The record and oral argument revealed that Dakota Land sold by contracts for deed some 85 parcels of land, apparently described by metes and bounds, out of the 80-acre tract. Purchase prices ranged from $3,000 to $4,500. Downpayments and monthly installments varied, with the remaining balance of the purchase price due on April 1, 1977. Defendant assignees of Dakota Land purchased their interests at discounts ranging from 1 to 27 percent, the largest number of those interests, however, being purchased at discounts which were less than normal for this type of investment. Apart from standard provisions, the contracts for deed contain few, if any, provisions obligating Dakota Land to develop the tract for residential purposes and reflect counsel's disclosure that both plaintiff vendees and defendant assignees of Dakota Land purchased their interests for investment and resale when development reached the point that construction of homes was feasible. Since it was also asserted that the parties generally regard the value of the parcels to be not more than $500, both defendant assignees and plaintiffs view continued ownership of the parcels as undesirable.

One who has been induced to enter a contract by fraudulent misrepresentations may elect to rescind the contract or sue for damages. If he pursues his damage claim and obtains judgment or compromises and settles that claim, he thereby ratifies and adopts the contract and thereafter cannot seek to rescind the contract for the same fraud. Damages and restitution are not concurrent remedies for the same injury. Proulx v. Hirsch Bros., Inc., 279 Minn. 157, 155 N.W.2d 907 (1968); Wagner v. Magee, 130 Minn. 162, 153 N.W. 313 (1915); 5A Corbin, Contracts § 1223 (1964). Plaintiffs could avoid specific performance of their contracts only if the contracts for deed were rescinded. By their settlement and acceptance of damages for the alleged fraud of the vendor, they have, as a matter of well-established law, elected their remedy and can no longer pursue their equitable action to rescind their contracts. Plaintiffs are therefore liable to defendant assignees, against whom no claims of fraud distinct from the original vendor's are alleged, for the balance due as specified in their contracts. Accordingly, the trial judge's order must be affirmed.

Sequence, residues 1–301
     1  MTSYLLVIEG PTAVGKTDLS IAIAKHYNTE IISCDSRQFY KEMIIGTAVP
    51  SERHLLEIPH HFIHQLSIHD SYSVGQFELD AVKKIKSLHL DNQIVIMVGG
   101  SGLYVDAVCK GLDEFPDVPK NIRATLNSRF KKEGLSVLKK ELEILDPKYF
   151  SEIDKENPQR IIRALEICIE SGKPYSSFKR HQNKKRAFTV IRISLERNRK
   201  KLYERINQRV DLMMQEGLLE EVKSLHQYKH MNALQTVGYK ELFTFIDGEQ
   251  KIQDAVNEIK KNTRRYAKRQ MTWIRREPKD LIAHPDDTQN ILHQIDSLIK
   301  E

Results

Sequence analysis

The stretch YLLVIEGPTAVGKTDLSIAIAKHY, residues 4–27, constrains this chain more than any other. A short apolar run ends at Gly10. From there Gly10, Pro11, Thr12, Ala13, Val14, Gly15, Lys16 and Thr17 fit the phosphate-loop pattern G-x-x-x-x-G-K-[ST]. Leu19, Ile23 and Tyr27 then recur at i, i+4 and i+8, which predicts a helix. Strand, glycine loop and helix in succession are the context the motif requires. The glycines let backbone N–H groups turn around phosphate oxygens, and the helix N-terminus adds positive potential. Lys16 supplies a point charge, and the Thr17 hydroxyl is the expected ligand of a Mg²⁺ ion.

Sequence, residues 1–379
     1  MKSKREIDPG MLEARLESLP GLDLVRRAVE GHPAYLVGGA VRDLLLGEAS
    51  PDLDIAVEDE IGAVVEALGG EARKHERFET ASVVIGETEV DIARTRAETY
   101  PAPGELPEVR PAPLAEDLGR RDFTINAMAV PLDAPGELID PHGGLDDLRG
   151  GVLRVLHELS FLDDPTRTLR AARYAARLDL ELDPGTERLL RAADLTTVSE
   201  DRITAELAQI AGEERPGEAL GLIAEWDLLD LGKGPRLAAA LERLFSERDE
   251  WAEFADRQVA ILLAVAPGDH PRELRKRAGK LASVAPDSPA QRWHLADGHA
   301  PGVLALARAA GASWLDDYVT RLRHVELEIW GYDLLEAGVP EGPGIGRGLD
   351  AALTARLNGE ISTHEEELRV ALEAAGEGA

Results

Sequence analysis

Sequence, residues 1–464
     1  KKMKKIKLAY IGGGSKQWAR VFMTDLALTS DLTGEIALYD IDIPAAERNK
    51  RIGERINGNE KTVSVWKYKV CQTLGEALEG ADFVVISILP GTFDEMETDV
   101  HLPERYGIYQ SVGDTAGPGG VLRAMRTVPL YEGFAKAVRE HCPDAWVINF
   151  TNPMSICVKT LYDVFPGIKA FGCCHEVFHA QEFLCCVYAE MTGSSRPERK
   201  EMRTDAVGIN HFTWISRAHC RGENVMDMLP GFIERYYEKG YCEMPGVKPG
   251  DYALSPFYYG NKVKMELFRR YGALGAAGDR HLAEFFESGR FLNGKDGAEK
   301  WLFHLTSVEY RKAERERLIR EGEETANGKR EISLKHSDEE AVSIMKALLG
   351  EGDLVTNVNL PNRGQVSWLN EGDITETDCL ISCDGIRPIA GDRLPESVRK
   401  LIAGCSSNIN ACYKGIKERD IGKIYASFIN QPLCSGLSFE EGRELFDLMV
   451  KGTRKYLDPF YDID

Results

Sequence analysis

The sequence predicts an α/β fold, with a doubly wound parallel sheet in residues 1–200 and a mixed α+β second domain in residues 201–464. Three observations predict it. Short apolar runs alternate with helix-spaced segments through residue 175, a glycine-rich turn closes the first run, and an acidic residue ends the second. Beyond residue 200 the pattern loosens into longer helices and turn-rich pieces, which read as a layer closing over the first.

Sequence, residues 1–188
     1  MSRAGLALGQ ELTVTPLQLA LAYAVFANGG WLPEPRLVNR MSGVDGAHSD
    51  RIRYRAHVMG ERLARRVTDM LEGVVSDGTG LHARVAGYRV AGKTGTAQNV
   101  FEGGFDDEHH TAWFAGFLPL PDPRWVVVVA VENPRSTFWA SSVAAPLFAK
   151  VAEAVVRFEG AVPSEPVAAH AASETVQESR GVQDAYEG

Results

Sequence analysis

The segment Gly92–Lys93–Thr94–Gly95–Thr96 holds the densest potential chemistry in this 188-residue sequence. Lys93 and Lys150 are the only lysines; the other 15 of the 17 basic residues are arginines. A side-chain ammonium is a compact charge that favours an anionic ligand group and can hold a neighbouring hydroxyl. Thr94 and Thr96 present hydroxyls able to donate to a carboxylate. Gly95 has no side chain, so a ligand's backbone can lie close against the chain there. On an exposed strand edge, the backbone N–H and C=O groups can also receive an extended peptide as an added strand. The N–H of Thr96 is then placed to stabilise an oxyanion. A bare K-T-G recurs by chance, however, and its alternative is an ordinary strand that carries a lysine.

The trial judge dismissed plaintiffs' claims against the real estate agencies and agents on the ground that settlement of identically pleaded claims against Dakota Land, their principal, released them from liability. Since one of the claims was fraud, which may involve independent liability on the part of an agent if the agent knew or should have known of the misrepresentations of the principal, the settlement may not have released the real estate agents as a matter of law. Restatement (Second) of Agency § 348 (1957); see Sawyer v. Tildahl, 275 Minn. 457, 148 N.W.2d 131 (1967). Moreover, the various statutory causes of action alleged may also involve elements producing independent liability. We are *164 unable to determine from the record whether the trial judge considered the separate elements of each claim and the possibility of independent liability on each. We therefore reverse the dismissal of these claims and remand for further proceedings.

Plaintiffs Arland and Dunbar present a slightly different set of facts. According to their argument, they made an independent settlement with assignee Engle which absolved them of all liability for their contracts. Although the fact of the alleged settlement was presented to the trial judge through affidavits, he nevertheless ruled that Arland and Dunbar must perform their contracts. Since the trial court's ruling as to the effectiveness of the settlements is unclear from the record, we remand for redetermination of this issue.

Affirmed in part, reversed and remanded in part, and remanded in part.


[1] It was suggested at oral argument that the primary motivation for the settlement was the anticipated insolvency of Dakota Land.

[2] Some of the vendees did not join in the settlement, and their suits against defendants are continuing and not involved in this appeal.